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Israeli activists attempt to rebuild Or Chaim outpost after demolition

The destruction of the outpost in Samaria led to Finance Minister Bezalel Smotrich boycotting Sunday's Cabinet meeting in protest.

Israelis attempt to rebuild the Or Chaim outpost in Samaria after it was demolished, Jan. 22, 2023. Credit: Courtesy.
Israelis attempt to rebuild the Or Chaim outpost in Samaria after it was demolished, Jan. 22, 2023. Credit: Courtesy.

Israelis attempted on Sunday to rebuild an outpost that was destroyed last week, amid tensions within Prime Minister Benjamin’s coalition over the issue.

Security forces stopped the activists from erecting structures at the site in Samaria and arrested several people.

A statement released on behalf of the families building Or Chaim said they would “continue to hold on to the hilltop even if we are evacuated 100 times.”

The Or Haim outpost, which commemorates Rabbi Haim Druckman, the spiritual leader of the religious Zionism movement who died on Dec. 25 at age 90, was demolished on Friday at the direction of Defense Minister Yoav Gallant.

The move caused friction with Finance Minister Bezalel Smotrich, who opposed the decision and instructed members of his Religious Zionism Party to boycott Sunday’s Cabinet meeting in protest.

Smotrich, who also holds the post of minister in the Defense Ministry, has been tasked by Prime Minister Benjamin Netanyahu with overseeing the Civil Administration, the ministry’s body responsible for approving construction and handling other bureaucratic matters in Area C of Judea and Samaria.

“Minister Smotrich issued an order [Friday] morning, in accordance with his authority…to stop the evacuation and to take no action until he could hold a discussion on the issue at the start of the week,” said a statement from Smotrich’s office.

“Defense Minister Gallant ordered the evacuation to go ahead despite this, without consulting Minister Smotrich and completely against the coalition agreements that form the basis for the existence of the government,” it added.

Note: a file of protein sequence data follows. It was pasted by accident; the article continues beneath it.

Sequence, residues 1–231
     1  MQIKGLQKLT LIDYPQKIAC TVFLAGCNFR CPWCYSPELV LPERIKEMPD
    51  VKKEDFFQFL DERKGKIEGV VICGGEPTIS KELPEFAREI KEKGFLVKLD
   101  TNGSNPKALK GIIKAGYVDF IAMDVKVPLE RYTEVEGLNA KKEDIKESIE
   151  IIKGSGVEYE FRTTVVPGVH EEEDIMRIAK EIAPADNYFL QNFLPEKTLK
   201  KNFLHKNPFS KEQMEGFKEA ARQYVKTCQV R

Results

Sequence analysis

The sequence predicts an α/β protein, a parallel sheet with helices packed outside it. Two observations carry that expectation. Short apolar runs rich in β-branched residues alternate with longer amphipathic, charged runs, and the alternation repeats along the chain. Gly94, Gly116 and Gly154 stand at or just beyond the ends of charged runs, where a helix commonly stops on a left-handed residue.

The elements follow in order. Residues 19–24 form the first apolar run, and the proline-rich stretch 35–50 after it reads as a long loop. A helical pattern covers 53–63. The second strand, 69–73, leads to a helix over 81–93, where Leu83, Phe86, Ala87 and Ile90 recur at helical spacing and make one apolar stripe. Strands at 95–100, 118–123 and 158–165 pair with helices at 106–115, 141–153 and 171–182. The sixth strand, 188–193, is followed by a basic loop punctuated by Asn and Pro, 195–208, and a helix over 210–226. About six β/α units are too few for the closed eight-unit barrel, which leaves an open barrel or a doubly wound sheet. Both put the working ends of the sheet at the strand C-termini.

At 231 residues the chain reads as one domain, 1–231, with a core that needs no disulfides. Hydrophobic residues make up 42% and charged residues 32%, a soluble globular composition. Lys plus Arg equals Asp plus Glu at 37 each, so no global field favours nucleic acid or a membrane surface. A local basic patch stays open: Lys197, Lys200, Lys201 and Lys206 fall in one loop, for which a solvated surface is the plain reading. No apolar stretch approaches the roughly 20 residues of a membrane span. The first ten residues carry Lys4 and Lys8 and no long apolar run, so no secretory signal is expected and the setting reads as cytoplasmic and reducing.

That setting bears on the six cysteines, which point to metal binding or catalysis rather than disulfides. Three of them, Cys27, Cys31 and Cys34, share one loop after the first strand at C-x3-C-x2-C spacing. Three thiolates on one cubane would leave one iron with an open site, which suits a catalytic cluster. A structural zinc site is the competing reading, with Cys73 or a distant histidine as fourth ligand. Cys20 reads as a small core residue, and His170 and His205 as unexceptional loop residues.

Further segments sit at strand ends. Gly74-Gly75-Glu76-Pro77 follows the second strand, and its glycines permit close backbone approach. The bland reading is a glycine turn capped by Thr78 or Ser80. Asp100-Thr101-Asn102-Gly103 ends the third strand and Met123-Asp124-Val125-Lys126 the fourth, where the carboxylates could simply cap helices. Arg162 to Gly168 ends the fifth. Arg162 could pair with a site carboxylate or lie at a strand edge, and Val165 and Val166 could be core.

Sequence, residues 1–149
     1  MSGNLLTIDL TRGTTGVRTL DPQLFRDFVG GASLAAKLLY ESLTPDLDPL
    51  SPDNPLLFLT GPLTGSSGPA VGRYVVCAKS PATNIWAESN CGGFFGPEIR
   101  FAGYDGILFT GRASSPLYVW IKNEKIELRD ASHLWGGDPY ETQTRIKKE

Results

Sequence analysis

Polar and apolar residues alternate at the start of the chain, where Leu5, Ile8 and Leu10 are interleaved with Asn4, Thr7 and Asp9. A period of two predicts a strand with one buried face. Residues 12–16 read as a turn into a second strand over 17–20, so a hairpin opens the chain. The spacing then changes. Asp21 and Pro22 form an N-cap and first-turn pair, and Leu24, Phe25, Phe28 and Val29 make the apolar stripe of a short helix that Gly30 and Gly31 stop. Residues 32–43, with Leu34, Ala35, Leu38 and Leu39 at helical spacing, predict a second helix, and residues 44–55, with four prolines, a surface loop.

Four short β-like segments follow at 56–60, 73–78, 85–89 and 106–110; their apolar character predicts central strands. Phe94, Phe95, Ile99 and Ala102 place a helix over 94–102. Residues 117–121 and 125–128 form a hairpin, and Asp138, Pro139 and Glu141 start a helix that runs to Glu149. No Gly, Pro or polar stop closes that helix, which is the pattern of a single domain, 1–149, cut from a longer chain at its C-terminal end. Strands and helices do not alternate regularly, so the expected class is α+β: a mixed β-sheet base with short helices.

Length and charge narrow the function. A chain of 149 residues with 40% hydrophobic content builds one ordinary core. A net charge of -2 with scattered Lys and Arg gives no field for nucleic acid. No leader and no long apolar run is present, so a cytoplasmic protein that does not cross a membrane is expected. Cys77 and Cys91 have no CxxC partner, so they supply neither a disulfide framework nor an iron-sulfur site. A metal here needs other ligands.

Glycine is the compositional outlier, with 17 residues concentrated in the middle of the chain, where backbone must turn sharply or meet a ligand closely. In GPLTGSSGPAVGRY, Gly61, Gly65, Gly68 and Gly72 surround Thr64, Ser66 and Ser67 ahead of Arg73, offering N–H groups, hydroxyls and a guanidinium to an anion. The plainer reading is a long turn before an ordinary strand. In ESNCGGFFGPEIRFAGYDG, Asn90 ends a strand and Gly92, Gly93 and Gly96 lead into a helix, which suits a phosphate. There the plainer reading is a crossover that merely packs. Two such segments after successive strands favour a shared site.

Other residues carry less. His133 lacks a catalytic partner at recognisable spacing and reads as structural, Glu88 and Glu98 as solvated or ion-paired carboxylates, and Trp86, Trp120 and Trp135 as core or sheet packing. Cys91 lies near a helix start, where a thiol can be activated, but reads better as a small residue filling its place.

In response, Gallant, who is a member of Netanyahu’s Likud Party, said in a statement that “every action on the ground must be conducted in accordance with the law. It must also be fully coordinated and must be taken in accordance with the relevant security situation assessment.”

Meanwhile, Netanyahu appeared to back Gallant’s position.

“The government supports settlement but only when it is done legally and is coordinated in advance with the prime minister and security officials, which was not done in this case. The prime minister will convene a discussion on the issue early next week,” Netanyahu said in a statement released by his office.

Israeli National Security Minister Itamar Ben-Gvir demanded on Sunday that laws be applied equally to Israelis and Palestinians in Judea and Samaria.

“I believe in the rule of law but there cannot be one law for Arabs and one law for Jews. The law should also be enforced on Khan al-Ahmar and dozens of illegal Arab outposts,” said Ben-Gvir.

He circulated a document during Sunday’s Cabinet meeting outlining illegal structures built by Arabs in Judea and Samaria over the past month, and demanded that they also be destroyed.

Khan al-Ahmar is an illegal Bedouin village located between Jerusalem and the Dead Sea. In 2021, then-Israeli Foreign Minister Yair Lapid noted, “In 2018, the [High Court of Justice] approved the demolition and evacuation of the village, but due to various political considerations on the part of previous governments, it hasn’t been evacuated to this day [due] to a number of weighty domestic and international challenges.”

Khan al-Ahmar is one of more than 170 illegal outposts created by the Palestinian Authority and funded by the European Union, according to the Regavim NGO.

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